ST. PETER’S: An official opening ceremony was held last week for a new piece of infrastructure in the community.
On November 16 in St. Peter’s, residents, government officials and elected representatives officially re-opened the new two-lane swing bridge at the St. Peters Canal National Historic Site.
The ceremony celebrated the completion of the more than $16 million federal infrastructure investment. Public Services and Procurement Canada managed the project on behalf of Parks Canada. In 2016, work on the bridge began and included road realignment, widening from a one-lane to a two-lane bridge, an updated pedestrian walkway, and new signage. A unique feature is that the span now supports heavy loads of up to 1,100 metric tonnes. The completion of the project marked the end of a 14-month construction period.
The one-lane swing bridge was built in 1936. Having reached the end of its 80-year lifespan, this project underwent a full bridge replacement to ensure vital throughway connection with Highway 4, as well as boat traffic on this important waterway to and from the Bras d’Or Lake and Atlantic Ocean.
The ceremony started with remarks from Potlotek Chief Wilbert Marshall, who spoke about the historic significance of the canal to his people. Mi’kmaq elder Bob Pictou then led a smudging ceremony.
Other speakers included Blair Pardy, superintendent of Parks Canada’s Cape Breton Field Unit, who noted that the project stands on traditional Mi’kmaq territory. He also mentioned that the previous night, the project won a public works award in Ottawa as a result of the successful community partnerships that were formed.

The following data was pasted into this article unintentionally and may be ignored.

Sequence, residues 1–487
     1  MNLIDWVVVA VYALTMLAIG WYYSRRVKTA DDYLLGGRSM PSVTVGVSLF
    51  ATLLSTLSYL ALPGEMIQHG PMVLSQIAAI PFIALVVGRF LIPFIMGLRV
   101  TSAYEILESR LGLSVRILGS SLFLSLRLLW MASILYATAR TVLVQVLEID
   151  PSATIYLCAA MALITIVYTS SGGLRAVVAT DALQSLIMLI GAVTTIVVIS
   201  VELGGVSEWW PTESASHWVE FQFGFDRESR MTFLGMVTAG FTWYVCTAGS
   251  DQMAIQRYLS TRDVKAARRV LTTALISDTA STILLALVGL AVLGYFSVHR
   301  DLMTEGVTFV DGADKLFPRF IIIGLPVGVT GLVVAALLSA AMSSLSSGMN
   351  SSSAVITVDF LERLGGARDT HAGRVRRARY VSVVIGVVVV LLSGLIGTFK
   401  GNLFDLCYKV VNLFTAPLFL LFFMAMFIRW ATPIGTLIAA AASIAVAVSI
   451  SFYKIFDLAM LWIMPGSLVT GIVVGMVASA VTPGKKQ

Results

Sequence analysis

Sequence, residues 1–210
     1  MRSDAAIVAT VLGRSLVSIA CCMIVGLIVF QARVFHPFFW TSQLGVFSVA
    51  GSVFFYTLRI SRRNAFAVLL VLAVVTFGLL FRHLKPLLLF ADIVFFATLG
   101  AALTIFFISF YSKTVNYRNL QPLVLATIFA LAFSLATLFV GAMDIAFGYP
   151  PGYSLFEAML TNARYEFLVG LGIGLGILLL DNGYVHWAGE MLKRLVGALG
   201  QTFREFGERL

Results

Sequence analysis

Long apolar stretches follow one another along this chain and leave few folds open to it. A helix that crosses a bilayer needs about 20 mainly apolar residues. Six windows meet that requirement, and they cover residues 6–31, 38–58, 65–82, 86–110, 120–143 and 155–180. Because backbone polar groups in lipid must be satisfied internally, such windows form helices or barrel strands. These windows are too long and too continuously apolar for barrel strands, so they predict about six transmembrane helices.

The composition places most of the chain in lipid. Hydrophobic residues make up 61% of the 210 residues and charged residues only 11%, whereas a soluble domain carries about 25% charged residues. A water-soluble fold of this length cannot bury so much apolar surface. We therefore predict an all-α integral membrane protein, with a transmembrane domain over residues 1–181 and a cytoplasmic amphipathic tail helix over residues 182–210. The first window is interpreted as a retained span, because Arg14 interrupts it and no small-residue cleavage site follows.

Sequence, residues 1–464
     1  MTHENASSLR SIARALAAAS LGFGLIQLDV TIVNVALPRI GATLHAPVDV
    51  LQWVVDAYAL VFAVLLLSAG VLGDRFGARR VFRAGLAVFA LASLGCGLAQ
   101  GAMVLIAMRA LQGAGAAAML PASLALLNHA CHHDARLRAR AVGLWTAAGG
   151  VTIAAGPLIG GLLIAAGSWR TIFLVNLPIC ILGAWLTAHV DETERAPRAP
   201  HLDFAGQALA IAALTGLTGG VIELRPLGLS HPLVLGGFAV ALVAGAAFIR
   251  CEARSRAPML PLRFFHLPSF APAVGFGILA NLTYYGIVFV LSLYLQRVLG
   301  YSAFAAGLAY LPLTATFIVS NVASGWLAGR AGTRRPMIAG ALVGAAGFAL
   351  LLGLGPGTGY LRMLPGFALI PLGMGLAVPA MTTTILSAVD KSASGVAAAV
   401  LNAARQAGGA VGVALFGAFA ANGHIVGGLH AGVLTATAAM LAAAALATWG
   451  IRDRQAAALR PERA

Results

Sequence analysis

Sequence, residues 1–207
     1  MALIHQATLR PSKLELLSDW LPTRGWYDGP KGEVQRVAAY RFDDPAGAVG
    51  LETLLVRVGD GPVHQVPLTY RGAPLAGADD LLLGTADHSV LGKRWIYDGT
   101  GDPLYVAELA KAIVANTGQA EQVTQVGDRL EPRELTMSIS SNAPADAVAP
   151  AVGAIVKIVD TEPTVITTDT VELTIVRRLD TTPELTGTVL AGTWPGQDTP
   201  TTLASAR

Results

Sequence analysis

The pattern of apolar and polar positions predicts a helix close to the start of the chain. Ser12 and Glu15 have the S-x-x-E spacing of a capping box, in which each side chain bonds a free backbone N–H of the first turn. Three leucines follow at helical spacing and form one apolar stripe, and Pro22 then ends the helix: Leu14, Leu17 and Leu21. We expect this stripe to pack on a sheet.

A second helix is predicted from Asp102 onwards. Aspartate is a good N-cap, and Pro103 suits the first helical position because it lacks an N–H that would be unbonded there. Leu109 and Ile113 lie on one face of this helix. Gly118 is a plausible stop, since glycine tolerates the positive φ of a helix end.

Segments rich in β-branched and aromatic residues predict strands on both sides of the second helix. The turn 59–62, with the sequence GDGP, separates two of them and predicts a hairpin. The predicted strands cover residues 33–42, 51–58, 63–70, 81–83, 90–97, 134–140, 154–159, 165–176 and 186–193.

Richmond Warden Brian Marchand thanked all partners and noted that the local economy benefitted from the use of local contractors and residents during the project and added that more traffic going through the canal will further help the local economy.
Cape Breton-Canso MP and Parliamentary Secretary to the Minister of Employment, Workforce Development and Labour, Rodger Cuzner, also participated in the ribbon cutting ceremony. He called the consultation surrounding the project “fantastic” and gave special mention to the work of Parks Canada. Cuzner said the new swing bridge is a great addition to the revamped Route 4, which was been completely upgraded and is now a “spectacular” stretch of road.
“Through infrastructure investments at Parks Canada’s places, we are creating middle class jobs and driving economic activity while ensuring high-quality and meaningful visitor experiences for years to come,” Cuzner said in a press release.
“Working in partnership with the local Mi’kmaw community, new interpretive opportunities at this site will encourage the creation of new connections between Indigenous and non-Indigenous Canadians and foster discussions on the histories, cultures, and realities of Indigenous communities.”
St. Peter’s was the site of Fort Saint-Pierre, a 17th century fortified trading post acquired by Nicolas Denys in 1650 to trade with the Mi’kmaq. Designated a national historic site in 1929, approximately 12,000 people visit the St. Peter’s Canal site each year. Thousands of vehicles cross the bridge each month and it swings open for more than a thousand boats each year.
The new interpretive panels currently being designed will allow Canadians and visitors to better understand the cultures and histories of Indigenous Peoples in Canada. These panels are being developed in collaboration with Potlotek First Nation and will signify aspects of the region’s history and culture with the nearby Mi’kmaw community.
Visitors will be able to draw from these panels the historic connection of when French fur trader Nicolas Denys acquired Saint-Pierre. He established a “haul-over road” across the isthmus so oxen could pull ships from one shore to another.